I realized fairly quickly that we wouldn't be demonstrating any programs on the robot today, so I divided up the rest of the kids into groups and sent them to work on one of three things: finishing the playing field, building a second practice robot, learning Robolab. We got a second robot kit, but naturally I'd forgotten to get more batteries, so the kids building the practice robot got stalled for a while trying to figure out if they put it together without batteries, would they have to take it all apart later to put batteries in. Meanwhile, the kids building the playing field weren't very motivated, and they insist that we are missing pieces. I tried to get them to lay out all the pieces needed for each step, to see if maybe we had similar pieces left over that could be used in place of the missing ones, or at least determine what and how many are missing... but they really didn't get much done in this regard. I taught the programmers the basics and set them to work trying to program a robot to go in a square (and they got about half done and were working together fairly well) but our hearts weren't completely in it because it was so clear that we wouldn't be able to test the program thanks to the problem with the IR Tower.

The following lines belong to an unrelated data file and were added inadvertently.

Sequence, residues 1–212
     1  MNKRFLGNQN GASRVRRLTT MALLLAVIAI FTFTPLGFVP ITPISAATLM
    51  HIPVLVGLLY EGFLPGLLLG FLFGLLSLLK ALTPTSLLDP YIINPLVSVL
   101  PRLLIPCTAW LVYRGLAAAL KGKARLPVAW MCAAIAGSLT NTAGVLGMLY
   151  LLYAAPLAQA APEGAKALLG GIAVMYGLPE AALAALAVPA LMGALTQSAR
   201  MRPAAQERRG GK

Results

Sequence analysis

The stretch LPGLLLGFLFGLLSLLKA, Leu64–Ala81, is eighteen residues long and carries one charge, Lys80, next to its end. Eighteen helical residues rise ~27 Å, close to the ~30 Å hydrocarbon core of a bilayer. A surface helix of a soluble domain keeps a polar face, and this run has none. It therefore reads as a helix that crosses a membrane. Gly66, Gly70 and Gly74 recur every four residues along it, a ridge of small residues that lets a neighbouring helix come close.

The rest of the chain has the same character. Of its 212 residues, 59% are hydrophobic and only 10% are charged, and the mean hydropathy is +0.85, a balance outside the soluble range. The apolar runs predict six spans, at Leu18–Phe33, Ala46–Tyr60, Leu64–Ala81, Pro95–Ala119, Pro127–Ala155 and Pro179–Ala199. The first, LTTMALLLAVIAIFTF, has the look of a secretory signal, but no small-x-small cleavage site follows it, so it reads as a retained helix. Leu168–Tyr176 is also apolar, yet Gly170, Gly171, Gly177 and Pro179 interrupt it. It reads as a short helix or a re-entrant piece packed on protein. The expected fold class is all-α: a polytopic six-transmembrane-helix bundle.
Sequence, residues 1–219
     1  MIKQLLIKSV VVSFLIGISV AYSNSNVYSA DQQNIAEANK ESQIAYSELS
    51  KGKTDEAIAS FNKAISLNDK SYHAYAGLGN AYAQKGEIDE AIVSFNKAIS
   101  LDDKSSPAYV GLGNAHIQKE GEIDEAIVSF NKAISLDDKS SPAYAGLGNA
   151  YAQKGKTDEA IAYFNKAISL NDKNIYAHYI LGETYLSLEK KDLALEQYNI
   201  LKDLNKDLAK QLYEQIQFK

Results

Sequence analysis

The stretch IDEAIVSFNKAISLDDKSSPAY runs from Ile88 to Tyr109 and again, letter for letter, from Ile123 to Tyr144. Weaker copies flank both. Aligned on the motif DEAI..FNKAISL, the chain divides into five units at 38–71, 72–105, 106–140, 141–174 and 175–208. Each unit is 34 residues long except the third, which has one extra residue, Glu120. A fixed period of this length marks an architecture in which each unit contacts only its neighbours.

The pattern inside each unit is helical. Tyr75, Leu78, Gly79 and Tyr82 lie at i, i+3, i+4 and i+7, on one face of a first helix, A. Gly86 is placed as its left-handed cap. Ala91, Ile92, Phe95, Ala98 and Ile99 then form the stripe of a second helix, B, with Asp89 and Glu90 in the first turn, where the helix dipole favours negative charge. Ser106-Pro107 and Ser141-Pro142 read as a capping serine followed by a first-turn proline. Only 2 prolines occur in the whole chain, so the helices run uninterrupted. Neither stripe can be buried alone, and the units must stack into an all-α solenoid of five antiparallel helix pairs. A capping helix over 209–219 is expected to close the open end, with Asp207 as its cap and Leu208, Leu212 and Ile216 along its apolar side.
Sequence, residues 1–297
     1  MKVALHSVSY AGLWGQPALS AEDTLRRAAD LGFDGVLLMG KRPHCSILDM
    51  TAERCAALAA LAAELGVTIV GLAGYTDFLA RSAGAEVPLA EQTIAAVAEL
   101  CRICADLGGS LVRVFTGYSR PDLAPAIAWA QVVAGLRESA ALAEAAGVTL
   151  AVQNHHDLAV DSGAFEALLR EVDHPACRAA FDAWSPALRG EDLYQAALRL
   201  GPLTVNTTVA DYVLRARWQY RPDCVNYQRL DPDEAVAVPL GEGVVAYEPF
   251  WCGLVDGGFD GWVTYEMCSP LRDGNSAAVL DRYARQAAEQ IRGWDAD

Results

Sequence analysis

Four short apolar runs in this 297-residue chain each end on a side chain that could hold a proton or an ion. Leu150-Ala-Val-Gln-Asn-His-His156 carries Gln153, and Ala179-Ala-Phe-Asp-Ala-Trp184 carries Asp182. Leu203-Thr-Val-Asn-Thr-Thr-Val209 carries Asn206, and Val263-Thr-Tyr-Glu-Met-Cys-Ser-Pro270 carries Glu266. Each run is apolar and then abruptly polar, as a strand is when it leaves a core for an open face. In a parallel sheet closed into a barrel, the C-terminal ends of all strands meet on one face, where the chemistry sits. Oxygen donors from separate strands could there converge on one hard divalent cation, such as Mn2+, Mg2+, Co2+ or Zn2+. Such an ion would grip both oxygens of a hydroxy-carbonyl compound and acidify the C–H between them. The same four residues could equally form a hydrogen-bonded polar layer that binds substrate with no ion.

In the end, I guess we did get some stuff accomplished, but it felt really unproductive and frustrating. I wasn't in a relaxed, patient, or humorous mood - you know those times when you're calm but can't smile to save your life? - and the kids were all kind of irritable, and no one really had any fun.
I am going to make sure I fix a few of these problems before next time, and also tighten up my planning, because some of the little problems (such as not having enough batteries) were totally avoidable. That should help. The first rule of robotics at my school is, "If Ms. Frizzle isn't having fun, you're not having fun." It's time to return to the good times.
And having the camera there during this... well, I signed on for the movie project knowing they'd film it all, the good days and the bad, but I felt much more self-conscious today than last week.